Is ‘Breaking Bad: The Movie’ About to Become a Real Thing (Sort of)?

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The end of Breaking Bad, also known as the best show on television not named Game of Thrones, is nearly upon us. Those who are caught up with the show (a group that, sadly, doesn’t include this writer — don’t tell me what happens!) know the first half of the fifth and final season aired in the summer of 2012 and the second half premieres on AMC on August 11. In only a couple months, we’ll know the final fates of Walt, Jesse and the gang.

If recently “retired” movie director Steven Soderbergh gets his way, the finale of Breaking Bad will be even more epic than most people are imagining. No, Soderbergh hasn’t weaseled his way into a creative role on the show — Vince Gilligan and his co-producer Mark Johnson are still running the ship. Soderbergh simply has an idea for how to beef up the hype around the series finale: put it in movie theaters.

Specifically, Soderbergh says he thinks Breaking Bad should make the final two episodes into a movie and have it open in theaters the Friday after the last episode to air on television (which would be the third last episode of the series, as things are currently planned).

“I thought it would be really cool to have the final two episodes of the show as a movie that aired the Friday after the penultimate episode,” Soderbergh told “You’d sell that during the season — ‘See the season finale in theaters!’ — and just run it for a week, but I feel like you’d clean up. It’s never been done before.”

“It’s [in movie theaters for] one week, then you can download it,” he added, “but for the fans to have a communal viewing experience that week, that’d be super-cool.”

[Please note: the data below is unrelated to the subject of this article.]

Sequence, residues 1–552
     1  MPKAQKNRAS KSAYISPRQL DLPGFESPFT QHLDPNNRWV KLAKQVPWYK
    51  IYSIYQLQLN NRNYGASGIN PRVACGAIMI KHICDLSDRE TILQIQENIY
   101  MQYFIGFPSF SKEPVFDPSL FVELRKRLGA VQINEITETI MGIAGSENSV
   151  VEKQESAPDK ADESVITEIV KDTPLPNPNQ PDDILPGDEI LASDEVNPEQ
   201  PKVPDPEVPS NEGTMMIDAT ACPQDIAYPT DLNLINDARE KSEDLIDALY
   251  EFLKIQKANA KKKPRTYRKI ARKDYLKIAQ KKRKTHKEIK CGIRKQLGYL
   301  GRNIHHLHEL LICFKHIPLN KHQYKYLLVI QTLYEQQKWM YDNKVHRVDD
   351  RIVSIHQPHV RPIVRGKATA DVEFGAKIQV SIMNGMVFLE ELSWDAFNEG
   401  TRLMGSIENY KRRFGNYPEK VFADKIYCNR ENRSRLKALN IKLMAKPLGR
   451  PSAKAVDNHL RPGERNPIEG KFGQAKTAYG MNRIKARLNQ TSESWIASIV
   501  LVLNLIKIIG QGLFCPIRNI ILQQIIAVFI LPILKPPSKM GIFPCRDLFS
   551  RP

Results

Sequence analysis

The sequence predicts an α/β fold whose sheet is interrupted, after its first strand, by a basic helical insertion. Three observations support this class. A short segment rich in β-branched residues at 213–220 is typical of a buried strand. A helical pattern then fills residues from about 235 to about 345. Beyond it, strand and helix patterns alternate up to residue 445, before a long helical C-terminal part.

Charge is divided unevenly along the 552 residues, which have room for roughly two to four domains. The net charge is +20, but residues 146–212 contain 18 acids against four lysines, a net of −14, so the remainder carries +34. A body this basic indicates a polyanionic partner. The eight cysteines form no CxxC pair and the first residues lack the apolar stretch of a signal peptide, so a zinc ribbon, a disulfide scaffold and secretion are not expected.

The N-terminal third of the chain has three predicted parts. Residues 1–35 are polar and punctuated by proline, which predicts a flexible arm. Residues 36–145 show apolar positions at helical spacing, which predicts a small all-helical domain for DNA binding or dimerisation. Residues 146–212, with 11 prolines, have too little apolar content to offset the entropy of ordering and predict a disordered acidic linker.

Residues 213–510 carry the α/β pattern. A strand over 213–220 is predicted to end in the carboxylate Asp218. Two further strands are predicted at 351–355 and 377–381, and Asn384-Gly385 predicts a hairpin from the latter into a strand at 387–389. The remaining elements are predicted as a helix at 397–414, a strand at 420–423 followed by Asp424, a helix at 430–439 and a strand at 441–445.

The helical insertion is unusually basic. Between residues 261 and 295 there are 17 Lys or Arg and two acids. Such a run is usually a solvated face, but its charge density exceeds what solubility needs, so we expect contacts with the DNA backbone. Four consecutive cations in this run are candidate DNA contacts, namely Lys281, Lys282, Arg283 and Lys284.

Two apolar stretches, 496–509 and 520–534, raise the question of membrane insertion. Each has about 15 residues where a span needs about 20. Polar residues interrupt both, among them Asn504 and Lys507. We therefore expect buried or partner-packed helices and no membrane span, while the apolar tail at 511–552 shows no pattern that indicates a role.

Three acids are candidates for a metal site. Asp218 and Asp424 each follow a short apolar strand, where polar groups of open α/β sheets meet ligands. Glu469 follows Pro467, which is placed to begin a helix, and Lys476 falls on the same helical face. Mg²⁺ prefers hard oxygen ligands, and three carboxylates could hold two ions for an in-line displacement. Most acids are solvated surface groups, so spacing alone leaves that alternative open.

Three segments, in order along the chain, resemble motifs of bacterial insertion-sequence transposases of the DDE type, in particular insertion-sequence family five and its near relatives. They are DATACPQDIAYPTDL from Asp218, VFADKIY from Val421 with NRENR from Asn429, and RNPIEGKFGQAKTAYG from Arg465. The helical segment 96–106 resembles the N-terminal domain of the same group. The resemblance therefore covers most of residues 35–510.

Super cool? Watching intense movies with a crowd is usually pretty damn fun, so there’s every reason to believe that Soderbergh’s right about the entertainment factor being ratcheted up in a theater setting.

There are a few major problems with the idea, though. One reason why no television series has finished its run as a movie before is that television networks, particularly cable networks like AMC, aren’t exactly dying to give away the massive rating the series finale of their top shows garner.

There’s also the piss-off factor. Members of the general public won’t universally love being forced to buy a $13 ticket to find out how a show that was previously free to watch wraps up, and some will surely complain about it online. Even if the majority of fans love the idea, what about the one who don’t live near a good theater and get sort of screwed? It’s probably not a great idea to ruffle feathers in your fan base right before you attempt to pull off the rarest of feats in the world of serialized televised dramas: a fulfilling series finale.

Ultimately, Soderbergh is kind of talking out of his ass here. There won’t be a Breaking Bad movie — at least, not one that’s made up of the series finale. Down the road, though? Hey, you never know. Maybe in ten years we’ll get to see the cast get back together to produce A Very Breaking Bad Christmas.

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